Unsurprisingly, the very thought of South Africa being broken up once again raises the collective temperature. What makes matters worse for many is that Craig, an outspoken Western Cape secessionist, was not born in this country, but became a citizen – as an adult – by naturalisation. Instead of engaging with the merits or demerits of the issue, social media responses are often driven by anger, with frequent demands for him to go back home.

It was in this context, of an often acrimonious and unhelpful public screaming match, that Daily Maverick published a piece authored by Rebecca Davis titled Fact check – Is it likely the Western Cape could become an independent state?

In the piece, Davis considered the promise of the Cape Independence Party and RP “that a vote for their parties can lead to a referendum which may ultimately trigger the Western Cape province leaving the rest of the country.”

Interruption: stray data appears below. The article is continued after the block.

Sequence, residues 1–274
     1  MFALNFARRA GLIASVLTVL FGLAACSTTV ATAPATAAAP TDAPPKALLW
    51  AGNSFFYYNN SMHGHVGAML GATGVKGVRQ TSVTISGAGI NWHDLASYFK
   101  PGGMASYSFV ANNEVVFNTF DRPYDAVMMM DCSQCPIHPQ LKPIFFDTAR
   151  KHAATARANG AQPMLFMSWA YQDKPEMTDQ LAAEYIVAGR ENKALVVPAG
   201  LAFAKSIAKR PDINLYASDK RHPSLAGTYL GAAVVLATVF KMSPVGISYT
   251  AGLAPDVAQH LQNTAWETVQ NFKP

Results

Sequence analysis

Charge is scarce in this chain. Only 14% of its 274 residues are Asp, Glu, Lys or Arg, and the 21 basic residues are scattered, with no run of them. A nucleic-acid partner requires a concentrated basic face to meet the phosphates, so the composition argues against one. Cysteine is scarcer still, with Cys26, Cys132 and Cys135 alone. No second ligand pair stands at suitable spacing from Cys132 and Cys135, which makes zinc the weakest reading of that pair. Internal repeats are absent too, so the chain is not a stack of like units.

Davis pulled no punches in her conclusion:

“It is simply impossible to imagine a world in which South African law and politics line up to allow one of the nine provinces to assert itself as a separate country — especially since even parties like the DA do not support the idea. As such, the CapeXit parties appear to be selling voters pipe dreams.”

Aggrieved by the publication, Craig lodged a complaint with the Press Ombud. He alleged multiple breaches of the Press Code: that opinion was presented as fact; that the coverage was not fair and accurate; that RP’s views were not sought before publication; that clause 6 dealing with advocacy was breached; and that the coverage “was influenced by political considerations”. Ruling in favour of Daily Maverick on each alleged breach, the Press Ombud dismissed the complaint.